protest, as did McMaster's failed attempt to ban the phrase "Israeli
apartheid." This has raised the need to democratize school
administration, including abolishing repressive student codes of

· Militarization of our campuses is growing, with the Canadian
military – and the Pentagon – funding research. Campus military
recruitment must be banned, and research devoted to peace and social
justice, not war and destruction.

The basic issue is who pays for education. Corporations depend on
trained workers to make profits. But big business doesn't want to pay
the bill, and drops the burden on the people. The goal is education,
US-style, for the rich only.
The way forward

Lobbying is not enough to win accessible education. What is needed is
unity of all students and progressive allies including in the labour
movement, like we are beginning to see with the Drop Fees campaign on
many campuses. We need to make our struggle visible, support
occupations, continue education with more teach-ins, more action, and
broad organizing committees on every campus.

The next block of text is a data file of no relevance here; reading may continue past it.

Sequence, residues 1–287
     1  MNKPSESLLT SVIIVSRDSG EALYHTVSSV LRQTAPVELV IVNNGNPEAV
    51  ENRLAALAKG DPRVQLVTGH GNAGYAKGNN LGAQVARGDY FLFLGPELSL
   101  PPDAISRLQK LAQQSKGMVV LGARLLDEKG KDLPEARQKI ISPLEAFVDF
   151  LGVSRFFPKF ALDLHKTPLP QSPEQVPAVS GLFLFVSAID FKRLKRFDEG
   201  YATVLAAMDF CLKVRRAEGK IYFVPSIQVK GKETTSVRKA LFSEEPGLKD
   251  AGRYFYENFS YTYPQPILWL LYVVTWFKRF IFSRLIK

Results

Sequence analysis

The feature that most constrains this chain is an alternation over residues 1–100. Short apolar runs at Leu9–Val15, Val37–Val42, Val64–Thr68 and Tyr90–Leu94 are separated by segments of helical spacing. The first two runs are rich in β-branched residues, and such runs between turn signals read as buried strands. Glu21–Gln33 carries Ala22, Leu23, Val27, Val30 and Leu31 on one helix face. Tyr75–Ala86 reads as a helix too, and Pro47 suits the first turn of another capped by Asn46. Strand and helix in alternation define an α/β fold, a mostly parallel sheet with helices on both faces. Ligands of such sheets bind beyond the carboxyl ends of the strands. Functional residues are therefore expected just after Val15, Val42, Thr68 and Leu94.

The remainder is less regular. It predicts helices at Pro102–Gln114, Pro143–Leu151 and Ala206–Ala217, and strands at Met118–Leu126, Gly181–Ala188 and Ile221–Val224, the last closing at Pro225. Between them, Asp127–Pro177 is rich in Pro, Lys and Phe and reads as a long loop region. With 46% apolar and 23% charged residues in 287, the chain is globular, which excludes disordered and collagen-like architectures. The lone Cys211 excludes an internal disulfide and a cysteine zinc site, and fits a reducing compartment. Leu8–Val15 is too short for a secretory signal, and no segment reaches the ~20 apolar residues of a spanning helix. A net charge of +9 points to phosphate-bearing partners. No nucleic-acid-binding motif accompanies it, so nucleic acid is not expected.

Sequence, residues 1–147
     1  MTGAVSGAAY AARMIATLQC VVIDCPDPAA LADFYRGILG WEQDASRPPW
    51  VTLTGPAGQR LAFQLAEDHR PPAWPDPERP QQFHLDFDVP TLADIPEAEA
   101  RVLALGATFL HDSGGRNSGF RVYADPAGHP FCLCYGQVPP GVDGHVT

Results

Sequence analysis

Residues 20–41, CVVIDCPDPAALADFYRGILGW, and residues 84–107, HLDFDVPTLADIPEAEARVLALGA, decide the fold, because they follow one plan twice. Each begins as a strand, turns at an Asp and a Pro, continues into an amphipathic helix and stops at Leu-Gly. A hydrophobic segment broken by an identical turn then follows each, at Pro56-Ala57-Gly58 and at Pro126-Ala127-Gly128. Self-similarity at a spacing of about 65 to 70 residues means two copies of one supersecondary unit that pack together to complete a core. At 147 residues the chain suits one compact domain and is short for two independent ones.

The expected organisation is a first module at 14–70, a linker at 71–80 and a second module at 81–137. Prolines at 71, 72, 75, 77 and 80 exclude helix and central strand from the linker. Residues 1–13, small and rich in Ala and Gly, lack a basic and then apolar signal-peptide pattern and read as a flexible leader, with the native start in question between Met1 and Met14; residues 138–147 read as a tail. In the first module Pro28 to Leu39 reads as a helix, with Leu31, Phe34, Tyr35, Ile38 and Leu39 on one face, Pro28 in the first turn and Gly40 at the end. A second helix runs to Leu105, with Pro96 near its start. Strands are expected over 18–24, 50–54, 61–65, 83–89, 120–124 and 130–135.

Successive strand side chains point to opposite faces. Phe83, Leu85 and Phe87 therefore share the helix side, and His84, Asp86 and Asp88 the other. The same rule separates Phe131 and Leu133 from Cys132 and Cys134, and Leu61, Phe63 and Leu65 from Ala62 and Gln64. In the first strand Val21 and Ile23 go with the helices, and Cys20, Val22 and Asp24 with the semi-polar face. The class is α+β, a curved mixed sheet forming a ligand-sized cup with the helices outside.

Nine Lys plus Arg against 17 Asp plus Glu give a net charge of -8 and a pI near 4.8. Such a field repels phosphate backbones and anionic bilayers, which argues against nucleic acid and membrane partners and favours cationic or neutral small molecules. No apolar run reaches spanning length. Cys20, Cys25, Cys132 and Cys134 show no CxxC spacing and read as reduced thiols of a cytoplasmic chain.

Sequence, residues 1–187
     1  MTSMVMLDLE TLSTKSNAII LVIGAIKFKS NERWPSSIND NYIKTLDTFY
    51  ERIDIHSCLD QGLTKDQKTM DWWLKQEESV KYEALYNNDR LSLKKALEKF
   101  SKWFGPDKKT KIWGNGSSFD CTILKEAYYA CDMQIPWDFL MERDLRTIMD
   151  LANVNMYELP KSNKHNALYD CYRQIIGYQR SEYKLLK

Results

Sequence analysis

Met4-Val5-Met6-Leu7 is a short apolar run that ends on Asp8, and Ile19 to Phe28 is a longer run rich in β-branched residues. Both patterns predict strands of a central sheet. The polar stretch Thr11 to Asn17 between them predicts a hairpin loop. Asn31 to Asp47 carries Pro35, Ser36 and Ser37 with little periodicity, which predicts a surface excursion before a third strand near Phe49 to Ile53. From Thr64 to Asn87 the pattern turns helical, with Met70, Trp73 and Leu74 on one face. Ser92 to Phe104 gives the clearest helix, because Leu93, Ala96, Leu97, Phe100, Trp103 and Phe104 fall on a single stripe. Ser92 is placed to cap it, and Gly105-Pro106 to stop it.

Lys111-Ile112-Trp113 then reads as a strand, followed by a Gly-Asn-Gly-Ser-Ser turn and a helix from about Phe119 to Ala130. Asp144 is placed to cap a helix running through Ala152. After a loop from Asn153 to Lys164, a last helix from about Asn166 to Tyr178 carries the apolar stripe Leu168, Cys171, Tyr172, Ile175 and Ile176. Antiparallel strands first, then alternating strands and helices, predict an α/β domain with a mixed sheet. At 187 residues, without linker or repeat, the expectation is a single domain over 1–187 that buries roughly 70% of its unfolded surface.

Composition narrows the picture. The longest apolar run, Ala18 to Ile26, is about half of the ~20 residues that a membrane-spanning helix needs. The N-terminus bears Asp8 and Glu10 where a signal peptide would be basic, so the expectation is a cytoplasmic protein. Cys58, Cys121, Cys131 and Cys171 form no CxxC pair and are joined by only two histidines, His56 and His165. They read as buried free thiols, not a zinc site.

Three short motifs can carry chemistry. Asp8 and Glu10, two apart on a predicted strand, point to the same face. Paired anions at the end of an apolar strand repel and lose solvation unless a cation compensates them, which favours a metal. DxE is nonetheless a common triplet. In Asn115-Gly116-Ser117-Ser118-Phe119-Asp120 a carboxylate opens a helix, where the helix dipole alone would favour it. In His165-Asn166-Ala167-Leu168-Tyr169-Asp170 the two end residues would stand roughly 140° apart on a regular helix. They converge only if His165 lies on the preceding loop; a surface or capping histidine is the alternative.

Education is not a business venture. The Communist Party and the YCL
demand a 100% public post-secondary system for all, from cradle to

- eliminate tuition. Socialist Cuba does this, and capitalist Norway.
- clear all student debt, free books, affordable housing
- universal, accessible and affordable quality child-care system
- full-funding for aboriginal education;
- no differential fees for international students;
- protect the right to study by granting immunity from deportation to
students. Status for all.
- expand apprenticeships and guarantee the rights of youth to training;
- military off our campuses, troops out now!
- guarantee free speech on campus
- curb corporate power on campus, strengthen the integrity of research
with expanded public funding and protecting whistleblowers
- ultimately students should receive a living stipend

Make education a right, not a privilege!

On Nov. 5th – Drop Fees Now!